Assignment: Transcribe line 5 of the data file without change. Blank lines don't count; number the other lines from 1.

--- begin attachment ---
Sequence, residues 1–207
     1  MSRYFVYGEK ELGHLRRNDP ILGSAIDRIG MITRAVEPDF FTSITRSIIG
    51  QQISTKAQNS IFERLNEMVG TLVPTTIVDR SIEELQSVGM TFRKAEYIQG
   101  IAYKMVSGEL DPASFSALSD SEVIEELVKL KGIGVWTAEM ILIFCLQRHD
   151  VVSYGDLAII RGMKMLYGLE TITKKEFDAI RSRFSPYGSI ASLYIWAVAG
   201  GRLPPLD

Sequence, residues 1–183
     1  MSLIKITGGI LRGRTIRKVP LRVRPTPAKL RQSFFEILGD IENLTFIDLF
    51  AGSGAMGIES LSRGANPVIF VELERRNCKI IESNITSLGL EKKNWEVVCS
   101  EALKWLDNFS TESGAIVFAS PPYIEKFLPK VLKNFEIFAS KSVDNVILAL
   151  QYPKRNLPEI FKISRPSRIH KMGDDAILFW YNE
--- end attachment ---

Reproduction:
   151  VVSYGDLAII RGMKMLYGLE TITKKEFDAI RSRFSPYGSI ASLYIWAVAG